We study nano-scale ITO top transmission gratings to improve light extraction efficiency (LEE).
We use the finite difference time domain (FDTD) method to measure light extraction from a
device with various grating structures and layer thicknesses. We simulate our device using a twodimensional
model with top triangular-gratings in a crystal lattice arrangement described by
grating cell period (Α), grating cell height (d), and grating cell width (w). We also define ITO
layer thickness (L) as the layer between the p-type GaN and the ITO surface layers. Simulation
models vary in grating period, grating width, and ITO layer thickness. Our simulations monitor
the amount of light emitted from the top, bottom, and sides of the LED model. We calculate the
total light extraction and determine which grating duty cycle maximizes LEE. We found that
adding a nano-scale grating with optimum duty cycle can achieve 165.67% and 136.77% LEE
improvement, respectively, for ITO layer thickness of 230nm and 78nm.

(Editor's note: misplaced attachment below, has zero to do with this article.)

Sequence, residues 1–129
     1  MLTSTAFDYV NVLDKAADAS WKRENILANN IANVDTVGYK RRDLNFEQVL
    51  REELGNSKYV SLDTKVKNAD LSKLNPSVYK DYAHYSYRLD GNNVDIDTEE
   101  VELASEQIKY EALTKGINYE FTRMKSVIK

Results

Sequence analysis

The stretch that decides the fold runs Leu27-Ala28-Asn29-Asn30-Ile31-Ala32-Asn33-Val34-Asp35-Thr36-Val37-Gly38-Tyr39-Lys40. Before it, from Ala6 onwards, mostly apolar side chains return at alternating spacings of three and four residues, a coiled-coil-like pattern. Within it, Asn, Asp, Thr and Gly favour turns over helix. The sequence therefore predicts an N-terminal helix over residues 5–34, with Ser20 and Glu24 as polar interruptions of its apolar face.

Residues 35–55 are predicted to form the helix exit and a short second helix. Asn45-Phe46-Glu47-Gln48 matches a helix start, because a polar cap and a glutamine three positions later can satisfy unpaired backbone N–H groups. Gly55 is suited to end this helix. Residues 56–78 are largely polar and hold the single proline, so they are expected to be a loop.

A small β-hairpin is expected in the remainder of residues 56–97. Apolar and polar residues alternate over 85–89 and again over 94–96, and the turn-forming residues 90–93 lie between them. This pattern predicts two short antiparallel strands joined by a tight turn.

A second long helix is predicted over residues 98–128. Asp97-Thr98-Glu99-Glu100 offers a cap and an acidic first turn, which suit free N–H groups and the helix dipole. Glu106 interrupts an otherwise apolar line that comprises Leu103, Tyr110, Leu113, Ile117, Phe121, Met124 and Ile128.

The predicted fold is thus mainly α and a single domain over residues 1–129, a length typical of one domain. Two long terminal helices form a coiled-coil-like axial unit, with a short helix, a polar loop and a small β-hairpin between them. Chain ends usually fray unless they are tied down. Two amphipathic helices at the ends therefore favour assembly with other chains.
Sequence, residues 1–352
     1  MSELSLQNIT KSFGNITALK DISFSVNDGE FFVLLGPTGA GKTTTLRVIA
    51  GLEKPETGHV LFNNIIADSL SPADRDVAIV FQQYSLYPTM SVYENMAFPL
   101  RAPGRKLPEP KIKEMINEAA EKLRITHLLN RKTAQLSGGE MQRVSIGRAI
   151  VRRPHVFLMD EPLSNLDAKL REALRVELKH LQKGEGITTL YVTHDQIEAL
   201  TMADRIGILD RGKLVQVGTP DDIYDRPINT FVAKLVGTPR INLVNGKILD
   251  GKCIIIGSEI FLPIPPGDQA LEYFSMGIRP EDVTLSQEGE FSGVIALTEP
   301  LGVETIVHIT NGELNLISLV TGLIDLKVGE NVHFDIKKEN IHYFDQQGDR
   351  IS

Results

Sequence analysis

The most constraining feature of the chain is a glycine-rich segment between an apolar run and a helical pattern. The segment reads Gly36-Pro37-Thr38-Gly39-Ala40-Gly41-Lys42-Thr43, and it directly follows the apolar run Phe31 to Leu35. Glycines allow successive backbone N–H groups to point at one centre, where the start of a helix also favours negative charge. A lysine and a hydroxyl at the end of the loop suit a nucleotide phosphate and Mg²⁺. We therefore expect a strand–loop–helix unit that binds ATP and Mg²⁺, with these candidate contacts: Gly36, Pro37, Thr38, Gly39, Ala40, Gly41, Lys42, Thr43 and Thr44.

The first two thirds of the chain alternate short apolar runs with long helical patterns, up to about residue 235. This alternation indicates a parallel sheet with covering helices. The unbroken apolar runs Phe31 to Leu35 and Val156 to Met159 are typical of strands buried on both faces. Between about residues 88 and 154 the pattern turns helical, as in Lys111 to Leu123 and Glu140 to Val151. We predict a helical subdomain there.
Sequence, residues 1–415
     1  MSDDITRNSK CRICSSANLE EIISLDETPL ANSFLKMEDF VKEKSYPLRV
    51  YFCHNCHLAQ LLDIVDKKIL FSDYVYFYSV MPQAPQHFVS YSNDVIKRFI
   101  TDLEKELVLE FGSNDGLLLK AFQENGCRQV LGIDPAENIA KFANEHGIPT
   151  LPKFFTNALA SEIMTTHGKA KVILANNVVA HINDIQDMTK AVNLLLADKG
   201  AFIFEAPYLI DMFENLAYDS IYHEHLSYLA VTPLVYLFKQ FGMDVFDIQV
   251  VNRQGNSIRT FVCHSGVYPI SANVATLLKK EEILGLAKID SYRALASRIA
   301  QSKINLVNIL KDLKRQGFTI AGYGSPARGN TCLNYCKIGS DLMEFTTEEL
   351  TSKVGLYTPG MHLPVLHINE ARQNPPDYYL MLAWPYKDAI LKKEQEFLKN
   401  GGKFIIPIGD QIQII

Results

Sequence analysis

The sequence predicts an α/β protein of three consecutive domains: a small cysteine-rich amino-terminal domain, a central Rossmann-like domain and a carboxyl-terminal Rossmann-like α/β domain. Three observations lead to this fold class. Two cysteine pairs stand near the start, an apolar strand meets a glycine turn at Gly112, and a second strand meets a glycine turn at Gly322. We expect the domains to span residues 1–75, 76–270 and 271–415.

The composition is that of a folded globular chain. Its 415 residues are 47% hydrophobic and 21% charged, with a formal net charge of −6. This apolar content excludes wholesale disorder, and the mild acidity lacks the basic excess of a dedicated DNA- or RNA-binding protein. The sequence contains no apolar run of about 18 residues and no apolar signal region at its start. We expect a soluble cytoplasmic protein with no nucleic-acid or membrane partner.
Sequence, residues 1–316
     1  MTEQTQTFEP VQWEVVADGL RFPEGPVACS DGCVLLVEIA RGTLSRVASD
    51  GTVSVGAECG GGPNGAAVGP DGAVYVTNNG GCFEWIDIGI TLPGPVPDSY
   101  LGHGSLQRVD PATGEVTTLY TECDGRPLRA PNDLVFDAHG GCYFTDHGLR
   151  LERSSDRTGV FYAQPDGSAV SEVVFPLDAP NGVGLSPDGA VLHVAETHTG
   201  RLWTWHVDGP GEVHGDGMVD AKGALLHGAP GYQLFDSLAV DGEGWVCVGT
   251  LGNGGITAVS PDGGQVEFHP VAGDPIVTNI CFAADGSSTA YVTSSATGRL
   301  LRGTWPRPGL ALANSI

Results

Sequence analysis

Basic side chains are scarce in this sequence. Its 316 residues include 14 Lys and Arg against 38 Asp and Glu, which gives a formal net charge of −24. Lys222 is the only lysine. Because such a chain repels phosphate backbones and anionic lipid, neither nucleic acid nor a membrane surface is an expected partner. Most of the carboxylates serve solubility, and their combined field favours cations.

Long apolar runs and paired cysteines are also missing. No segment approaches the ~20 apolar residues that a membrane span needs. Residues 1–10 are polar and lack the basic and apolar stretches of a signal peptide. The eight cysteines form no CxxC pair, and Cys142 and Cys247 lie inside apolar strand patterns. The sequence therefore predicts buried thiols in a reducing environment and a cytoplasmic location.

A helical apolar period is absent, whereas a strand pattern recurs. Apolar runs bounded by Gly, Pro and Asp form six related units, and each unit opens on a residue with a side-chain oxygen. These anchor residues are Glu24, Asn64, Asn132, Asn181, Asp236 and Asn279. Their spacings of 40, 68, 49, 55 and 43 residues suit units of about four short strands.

We study nano-grated surface GaN LED to improve light extraction efficiency by optimizing the device parameters. Our study is based on rigorous coupled wave analysis (RCWA) to obtain total transmission across a device. Our simulation results allow us to optimize the device parameters to maximize light extraction efficiency. We simulate our device using a two-dimensional model with square-grating cells in a crystal lattice arrangement whose parameters we define as follows: grating cell period (Λ), grating cell height (d), and grating cell width (ω). We also define grating layer location (L) as the distance between the multi-quantum wells (MQW) source and the grating surface layer. Each simulation varies in grating cell period, grating cell width, and grating layer location and provides a result of total transmission across the device. These results are used to calculate improvement over the non-grated surface GaN LED. Our preliminary study focused on 50% fill factor and showed that location of the grating as well as the grating period both strongly effect the total transmission across the device. In addition, we noticed that optimizing the surface grating location might affect the total transmission. Our study allowed us to improve the light extraction efficiency of nano-grated GaN LED by an average of 133% when fill factor is 50%. We also present our study in detail which includes fill factors ranging between 0 to 100%.